The main limitation of this study was that difficulties in recruitment were encountered mainly because TCIs are widely used off label in daily practice. Moreover, patients were often reluctant to receive, potentially, a placebo treatment. Despite this difficulty, the overall rate of repigmentation with tacrolimus after 12 weeks of treatment was significantly greater than expected. Another potential bias could have resulted from the differences between groups in terms of the season of inclusion (e.g., greater natural sun exposure during the summer season), although natural sunlight‒exposure modalities were standardized throughout the trial. Finally, our cohort may not have represented a wide array of ethnicities because this study was performed in a single country and no ethnicity data are available for the overall French population.
      During tacrolimus treatment withdrawal in the 24-week follow-up study, the relapse rate of 40% was similar to previously reported findings (
      • Nicolaidou E.
      • Antoniou C.
      • Stratigos A.J.
      • Stefanaki C.
      • Katsambas A.D.
      Efficacy, predictors of response, and long-term follow-up in patients with vitiligo treated with narrowband UVB phototherapy.
      ). Achievement of disease remission is a considerably challenging goal for patients with vitiligo. This is often prevented by the presence of tissue-resident memory T cells in perilesional vitiligo skin (
      • Boniface K.
      • Seneschal J.
      Vitiligo as a skin memory disease: the need for early intervention with immunomodulating agents and a maintenance therapy to target resident memory T cells.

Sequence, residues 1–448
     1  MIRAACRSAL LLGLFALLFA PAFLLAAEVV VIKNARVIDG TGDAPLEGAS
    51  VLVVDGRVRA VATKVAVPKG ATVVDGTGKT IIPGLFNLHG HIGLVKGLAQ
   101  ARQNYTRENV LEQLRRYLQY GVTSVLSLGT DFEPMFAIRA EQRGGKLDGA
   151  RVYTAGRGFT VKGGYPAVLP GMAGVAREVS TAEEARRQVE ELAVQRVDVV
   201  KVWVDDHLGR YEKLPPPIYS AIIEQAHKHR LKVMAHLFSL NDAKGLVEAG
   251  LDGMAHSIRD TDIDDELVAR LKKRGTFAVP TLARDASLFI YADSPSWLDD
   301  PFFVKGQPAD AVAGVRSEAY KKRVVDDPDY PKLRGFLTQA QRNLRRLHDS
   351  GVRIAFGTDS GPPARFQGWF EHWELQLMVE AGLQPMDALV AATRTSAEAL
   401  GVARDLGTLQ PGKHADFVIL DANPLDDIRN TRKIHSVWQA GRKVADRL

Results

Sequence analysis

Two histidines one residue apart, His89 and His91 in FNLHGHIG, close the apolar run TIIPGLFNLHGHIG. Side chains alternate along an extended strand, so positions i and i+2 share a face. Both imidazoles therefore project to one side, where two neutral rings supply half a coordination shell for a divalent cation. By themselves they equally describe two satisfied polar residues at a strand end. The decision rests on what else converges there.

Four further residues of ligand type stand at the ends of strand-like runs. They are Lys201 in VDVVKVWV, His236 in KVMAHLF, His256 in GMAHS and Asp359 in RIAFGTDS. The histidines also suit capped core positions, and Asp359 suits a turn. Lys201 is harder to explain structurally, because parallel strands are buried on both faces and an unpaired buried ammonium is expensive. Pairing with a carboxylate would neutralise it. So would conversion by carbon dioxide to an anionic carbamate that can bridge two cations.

;
      • Boniface K.
      • Jacquemin C.
      • Darrigade A.S.
      • Dessarthe B.
      • Martins C.
      • Boukhedouni N.
      • et al.
      Vitiligo skin is imprinted with resident memory CD8 T cells expressing CXCR3.
      ;
      • Cheuk S.
      • Schlums H.
      • Gallais Sérézal I.
      • Martini E.
      • Chiang S.C.
      • Marquardt N.
      • et al.
      CD49a expression defines tissue-resident CD8+ T cells poised for cytotoxic function in human skin.
      ;
      • Richmond J.M.
      • Strassner J.P.
      • Rashighi M.
      • Agarwal P.
      • Garg M.
      • Essien K.I.
      • et al.
      Resident memory and recirculating memory T cells cooperate to maintain disease in a mouse model of vitiligo.
      ). These tissue-resident memory T cells are capable of maintaining IFN-γ and TNF-α production and may be the main factors involved in disease recurrence. One study showed that maintenance therapy with twice-weekly tacrolimus ointment allowed sustained repigmentation (
      • Cavalié M.
      • Ezzedine K.
      • Fontas E.
      • Montaudié H.
      • Castela E.
      • Bahadoran P.
      • et al.
      Maintenance therapy of adult vitiligo with 0.1% tacrolimus ointment: a randomized, double blind, placebo–controlled study.
      ). We presume that tacrolimus may limit tissue-resident memory T-cell activation, thus preventing vitiligo relapses. The markers linked to long-term response to tacrolimus topical treatment have not yet been assessed, but we propose that they include short disease duration, a lower tissue-resident memory T-cell perilesional skin infiltration, and a higher repigmentation rate at week 24.